Billy Gibbons Interview

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In the 1980s, ZZ Top was sitting on top of an impenetrable empire brimming with more success than the group ever dreamed of having. Formed in 1969 by guitarist Billy Gibbons, organist Lanier Greig and drummer Dan Mitchell, ZZ Top experienced a few lineup changes before they landed on a solid one, which consisted of drummer Frank Beard (yes, Beard), bassist Dusty Hill and Gibbons as lead vocalist/guitarist. The infamously bearded band of brothers released its debut album, ZZ Top’s First Album, in 1971 and followed up with 1972’s Rio Grande Mud. International notoriety, however, would not come until 1983’s Eliminator, which featured the hit singles “Legs” and “Sharped Dressed Man.” Seven more studio albums followed, culminating with an induction into the Rock and Roll Hall of Fame in 2003 and the Rick Rubin-produced La Futura in 2012. ZZ Top toured heavily in 2015, but Gibbons’ attraction to Latin and Afro-Cuban rhythms couldn’t be contained. The Texas-blues guitar aficionado finally branched out on his own with Billy Gibbons and the BFG’s Perfectamundo, an 11-track album that bursts with infectious grooves and Gibbons’ signature raspy vocal style. Gibbons’ hectic schedule luckily allowed him a little time to discuss the new album, the secret to ZZ Top’s longevity and, of course, the infamous beard. Interview by Kyle Eustice | Photo by Jordan Joseffer

When and how did your love affair with the guitar begin?
When I was five, I saw Elvis and I knew I wanted to spank the plank. It just looked like the coolest thing you could possibly do. A few days after my 13th birthday, I got a solid-body electric Gibson. That was the beginning of the beginning.

And now you have your own signature model. How did it feel to have Gibson unveil the BGSG for the first time?
It was totally cool. I mean, who wouldn’t want an amazing guitar like that? Would like to say it’s one-of-a-kind but, in truth, there’s ten of them.  

Why did you finally decide to release a solo album and what led to this decision?
An invitation to perform at the Havana Jazz Festival got us thinking about the kind of sound we’d like to hammer and that catalyzed our consideration of taking an Afro-Cuban approach. That kind of rhythm blended with a rock and bluesy background made sense so we got busy and Perfectamundo began to take shape.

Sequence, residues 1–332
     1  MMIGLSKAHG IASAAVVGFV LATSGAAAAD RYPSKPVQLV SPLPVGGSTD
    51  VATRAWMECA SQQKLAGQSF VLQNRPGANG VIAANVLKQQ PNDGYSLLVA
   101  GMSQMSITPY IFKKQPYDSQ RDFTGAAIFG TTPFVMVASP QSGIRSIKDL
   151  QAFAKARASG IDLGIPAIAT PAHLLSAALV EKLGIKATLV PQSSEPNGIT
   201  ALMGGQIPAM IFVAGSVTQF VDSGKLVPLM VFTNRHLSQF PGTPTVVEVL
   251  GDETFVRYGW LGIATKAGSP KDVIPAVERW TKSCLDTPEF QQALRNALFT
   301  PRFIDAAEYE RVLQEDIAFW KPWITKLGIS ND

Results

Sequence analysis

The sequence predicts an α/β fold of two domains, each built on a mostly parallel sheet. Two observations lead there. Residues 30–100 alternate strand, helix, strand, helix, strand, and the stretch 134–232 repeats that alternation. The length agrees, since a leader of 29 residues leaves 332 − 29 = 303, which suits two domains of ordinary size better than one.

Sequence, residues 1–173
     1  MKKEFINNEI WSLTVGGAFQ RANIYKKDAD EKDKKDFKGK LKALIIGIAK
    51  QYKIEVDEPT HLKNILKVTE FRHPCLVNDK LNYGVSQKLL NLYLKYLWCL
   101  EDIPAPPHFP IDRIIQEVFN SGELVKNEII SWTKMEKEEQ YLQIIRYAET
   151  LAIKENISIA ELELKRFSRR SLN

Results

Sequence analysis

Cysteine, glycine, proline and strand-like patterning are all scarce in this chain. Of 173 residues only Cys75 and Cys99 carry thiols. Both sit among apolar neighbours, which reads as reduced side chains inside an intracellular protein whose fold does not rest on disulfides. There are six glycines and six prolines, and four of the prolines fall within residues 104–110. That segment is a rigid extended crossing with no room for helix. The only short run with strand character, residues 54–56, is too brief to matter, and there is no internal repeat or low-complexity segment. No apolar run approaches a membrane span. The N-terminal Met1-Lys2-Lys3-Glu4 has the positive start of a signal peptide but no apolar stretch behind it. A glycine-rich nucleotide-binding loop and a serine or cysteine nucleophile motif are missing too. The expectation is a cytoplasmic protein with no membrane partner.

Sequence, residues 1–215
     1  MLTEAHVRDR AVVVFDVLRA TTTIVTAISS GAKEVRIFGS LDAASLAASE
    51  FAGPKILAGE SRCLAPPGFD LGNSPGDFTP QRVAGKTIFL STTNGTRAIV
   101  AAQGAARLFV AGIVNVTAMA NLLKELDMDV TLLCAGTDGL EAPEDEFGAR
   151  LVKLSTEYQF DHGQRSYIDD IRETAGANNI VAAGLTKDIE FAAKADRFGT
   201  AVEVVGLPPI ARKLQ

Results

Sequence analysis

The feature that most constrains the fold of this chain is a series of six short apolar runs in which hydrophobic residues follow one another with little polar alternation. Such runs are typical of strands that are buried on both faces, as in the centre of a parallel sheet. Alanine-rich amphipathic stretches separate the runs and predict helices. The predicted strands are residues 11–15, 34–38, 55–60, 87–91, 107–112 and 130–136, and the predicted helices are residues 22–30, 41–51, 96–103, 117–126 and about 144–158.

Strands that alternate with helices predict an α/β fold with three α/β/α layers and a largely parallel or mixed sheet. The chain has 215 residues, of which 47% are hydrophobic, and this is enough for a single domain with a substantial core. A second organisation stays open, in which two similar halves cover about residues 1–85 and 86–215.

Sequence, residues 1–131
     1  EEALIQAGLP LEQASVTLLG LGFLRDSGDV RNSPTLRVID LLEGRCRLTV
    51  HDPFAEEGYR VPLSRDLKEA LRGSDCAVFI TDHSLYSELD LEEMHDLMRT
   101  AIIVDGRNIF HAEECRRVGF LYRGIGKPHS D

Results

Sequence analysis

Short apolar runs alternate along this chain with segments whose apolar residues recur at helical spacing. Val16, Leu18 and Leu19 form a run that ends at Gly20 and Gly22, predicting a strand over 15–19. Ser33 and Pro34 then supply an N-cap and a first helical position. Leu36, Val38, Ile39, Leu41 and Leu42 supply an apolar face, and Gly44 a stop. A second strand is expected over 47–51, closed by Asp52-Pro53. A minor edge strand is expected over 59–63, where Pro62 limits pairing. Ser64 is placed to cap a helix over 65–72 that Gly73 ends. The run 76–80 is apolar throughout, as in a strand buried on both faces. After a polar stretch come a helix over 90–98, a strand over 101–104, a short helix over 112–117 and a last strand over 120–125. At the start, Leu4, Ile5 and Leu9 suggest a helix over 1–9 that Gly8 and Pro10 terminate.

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Perfectamundo is getting extremely positive reviews. Are you surprised at all by how well it’s being received?
Well, the good times that unfold in the control room seem to find their way to the grooves. The positive response that’s come to pass goes far beyond any notion we had. Sometimes when you do something left field or a bit off-the-wall it can grab people’s imagination and that’s, maybe, what happened here.


What do you love about Afro-Cuban music?
It’s the percussion. The rhythmic approach, literally and figuratively, is just a moving kind of thing. It’s quite accommodating. We can lay in some blues guitar and it actually fits together. After all, this stuff does come from the same place.


What do you think has been the secret to ZZ Top’s 45-year career?
We’ve developed a sixth sense between us. Sometimes one of us takes an unexpected turn yet we all still fall right in so, in that, we’ve become very attuned to each other. It’s all about having a good time and we like keepin’ on keepin’ on.


Finally, about the beard, have you ever shaved it off over the past four decades? If someone offered you a million dollars to go beardless, would you do it?
No, I haven’t parted with this chin whiskers in all that time and wouldn’t do so for a vast sum of money because the idea of looking in the mirror at something we hadn’t seen in so long is truly daunting. Maybe for a big B, however, we’d keep the lights out for a couple of weeks. But on second thought, not even, rock it.



Check out ZZ Top's video for "Gimme all your Lovin'" here:


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